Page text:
I've been spying on people lately.
Ok, actually, I've pretty much been spying on people my whole life. I LOOOOVE people watching, plus I am a little bit on the hermit side by nature so I tend to sit back and watch rather than delving into interactions with people. It's just part of who I am.
Anyway, lately I have seen person after person around me do small things to really spruce up the lives of people around them. These are (mostly) just tiny little pieces of happiness that one person strings onto the key chain of another person's life.
Like maybe someone holds the door an extra bit for the person coming into the building after them or maybe a friend gives a random hug because they think a person needs it. Perhaps one of my carpool kids (did I ever tell you I have the sweetest carpool kids ever) can see that another one is sad so they tell jokes or silly stories to try to coax a smile. Maybe you get a card in the mail from a sweet neighbor lady who only seems to see the good around her (that happened to me this week). Skateboarders who encourage younger kids trying to learn, dog walkers stopping to let passing children pet their pooches, sharers of hand-me-downs, singers of songs while walking the neighborhood, phone calls to check on someone, help to clean up when it isn't really your job, high fives in hallways for no reason, waving happily at the sign holding pizza guy on the corner, letting that guy with only a drink go ahead of you and your very loaded grocery cart in line...just so many tiny little bits of niceness sprinkled into the collective life of earthlings.
I love the idea that we are here in some way to leave this world better than we found it and I think for the most part this is exactly how we do it. Moment by moment, thought by thought, care by care.
We often see videos or read stories of people who make a gigantic impact through a kind act and I love those stories. They inspire me to want to be better. They make obvious the notion that touching someone's life for good has a rippling affect on the lives of others who will be touched as well.
But at the same time I wonder how many tiny acts those people performed that went relatively unnoticed long before the did something that stood out. I wonder how many times they tossed lesser pebbles into the pond of humanity before their boulder really made waves. I wonder how many times they made faces at a crying baby across an aisle or patted the arm of an exhausted mother in the grocery store before they saved the day in more dramatic fashion.
I'm not convinced those small acts are really so small at all. I've been that exhausted mother and felt the boost of someone just smiling and giving me a little pick-me-up. I've held that baby and been so grateful that someone took the time to try to help and even more that they chose not to judge me or act annoyed because my baby was struggling (which, I promise, is not what any parent wants the baby doing either).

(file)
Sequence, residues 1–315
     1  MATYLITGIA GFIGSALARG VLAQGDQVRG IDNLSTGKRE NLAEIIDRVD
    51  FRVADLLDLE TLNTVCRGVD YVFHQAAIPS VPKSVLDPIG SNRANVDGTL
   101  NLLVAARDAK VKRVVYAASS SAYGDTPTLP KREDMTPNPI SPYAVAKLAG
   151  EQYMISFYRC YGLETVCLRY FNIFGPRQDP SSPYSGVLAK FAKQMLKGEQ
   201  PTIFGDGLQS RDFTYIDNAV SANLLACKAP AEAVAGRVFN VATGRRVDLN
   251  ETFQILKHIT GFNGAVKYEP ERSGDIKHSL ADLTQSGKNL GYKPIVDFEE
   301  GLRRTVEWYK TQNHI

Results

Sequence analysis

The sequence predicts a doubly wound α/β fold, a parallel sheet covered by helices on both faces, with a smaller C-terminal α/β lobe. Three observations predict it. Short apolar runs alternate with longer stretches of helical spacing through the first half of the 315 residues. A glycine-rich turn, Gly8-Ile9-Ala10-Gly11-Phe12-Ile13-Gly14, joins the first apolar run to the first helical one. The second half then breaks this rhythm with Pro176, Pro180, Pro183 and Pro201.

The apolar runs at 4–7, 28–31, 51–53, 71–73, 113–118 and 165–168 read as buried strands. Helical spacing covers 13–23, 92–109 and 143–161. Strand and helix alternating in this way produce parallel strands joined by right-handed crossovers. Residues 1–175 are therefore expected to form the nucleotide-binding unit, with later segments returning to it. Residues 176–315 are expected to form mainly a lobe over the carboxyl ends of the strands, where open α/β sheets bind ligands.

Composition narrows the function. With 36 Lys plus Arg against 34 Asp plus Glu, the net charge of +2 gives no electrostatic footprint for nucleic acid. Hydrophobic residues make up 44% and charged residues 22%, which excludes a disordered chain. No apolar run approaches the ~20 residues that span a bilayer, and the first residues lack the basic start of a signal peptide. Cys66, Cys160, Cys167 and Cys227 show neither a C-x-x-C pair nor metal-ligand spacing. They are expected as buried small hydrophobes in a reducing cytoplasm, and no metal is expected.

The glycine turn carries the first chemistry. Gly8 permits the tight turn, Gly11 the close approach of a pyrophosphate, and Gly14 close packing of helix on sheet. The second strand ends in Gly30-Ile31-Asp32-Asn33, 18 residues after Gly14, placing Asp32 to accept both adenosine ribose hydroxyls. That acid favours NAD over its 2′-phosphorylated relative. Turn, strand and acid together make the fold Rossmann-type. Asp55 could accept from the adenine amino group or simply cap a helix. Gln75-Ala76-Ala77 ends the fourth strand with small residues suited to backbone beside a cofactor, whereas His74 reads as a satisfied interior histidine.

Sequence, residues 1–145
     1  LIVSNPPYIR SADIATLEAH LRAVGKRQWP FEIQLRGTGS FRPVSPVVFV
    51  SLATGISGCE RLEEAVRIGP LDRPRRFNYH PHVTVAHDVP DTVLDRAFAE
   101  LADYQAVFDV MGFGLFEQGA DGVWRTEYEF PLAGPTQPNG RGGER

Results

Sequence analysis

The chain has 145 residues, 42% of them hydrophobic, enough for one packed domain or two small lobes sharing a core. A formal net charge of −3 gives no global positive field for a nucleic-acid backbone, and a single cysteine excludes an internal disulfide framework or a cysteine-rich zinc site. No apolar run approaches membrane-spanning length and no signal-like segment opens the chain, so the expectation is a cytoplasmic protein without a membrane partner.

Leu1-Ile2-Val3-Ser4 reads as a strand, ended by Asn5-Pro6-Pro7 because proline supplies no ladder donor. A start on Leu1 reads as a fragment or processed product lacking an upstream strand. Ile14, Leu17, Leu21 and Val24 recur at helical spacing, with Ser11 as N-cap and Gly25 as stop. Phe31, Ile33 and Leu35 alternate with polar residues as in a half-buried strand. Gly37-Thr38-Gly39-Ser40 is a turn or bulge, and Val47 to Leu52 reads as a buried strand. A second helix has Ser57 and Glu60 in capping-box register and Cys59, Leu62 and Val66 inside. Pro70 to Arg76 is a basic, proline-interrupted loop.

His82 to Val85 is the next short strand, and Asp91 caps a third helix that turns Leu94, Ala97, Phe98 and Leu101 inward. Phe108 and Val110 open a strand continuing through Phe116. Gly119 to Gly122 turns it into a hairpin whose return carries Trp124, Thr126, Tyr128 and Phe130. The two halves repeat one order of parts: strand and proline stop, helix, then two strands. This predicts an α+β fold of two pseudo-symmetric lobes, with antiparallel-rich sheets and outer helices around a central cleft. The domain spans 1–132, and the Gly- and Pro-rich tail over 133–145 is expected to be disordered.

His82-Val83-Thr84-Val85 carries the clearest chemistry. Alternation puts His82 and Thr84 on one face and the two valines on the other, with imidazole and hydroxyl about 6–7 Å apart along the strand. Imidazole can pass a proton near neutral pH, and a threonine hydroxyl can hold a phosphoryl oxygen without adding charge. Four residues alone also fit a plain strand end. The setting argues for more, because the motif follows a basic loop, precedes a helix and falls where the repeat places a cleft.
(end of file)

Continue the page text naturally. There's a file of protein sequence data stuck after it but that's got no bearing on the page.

Those big, flashy events are incredible. But I think it is mostly through little things -- almost invisible acts -- that we can really change each other's lives for good.
Mostly, I think, it is just taking a few small seconds to care about someone else, to see what they need instead of only what we want. To open the view and be a witness to the lives of our fellow travelers through life.
And then to act. That's where the power really comes. When we pull out of ourselves and our own little world for a tick of the clock and do something thoughtful, anything kind, to gently lure a creaking smile into the heart of another being.
We really are very powerful.
Of coarse, none of this is news to anyone. There are those awesome videos about strings of small acts that add up to something much more than any one of the individual pieces. I love those. I want to be part of that. When I finish up in this world and we get to the next life and get to watch the instant replay I hope I have a few cameo appearances in those "here's how the world was made better" films.
I know my life has been richly blessed by the momentary sweetness of others. I have been lifted and supported by friends and family and strangers who chose to fly solo and break formation by veering into my life for twinkling or two. It doesn't take a lot, and that's the beauty of it. You can change a life for the better, alter the coarse of an entire day, all in tiny flash of time.
I've been seeing that sort of thing around me an awful lot lately. I like seeing it. What a lovely movement.
I think I want to be part of that.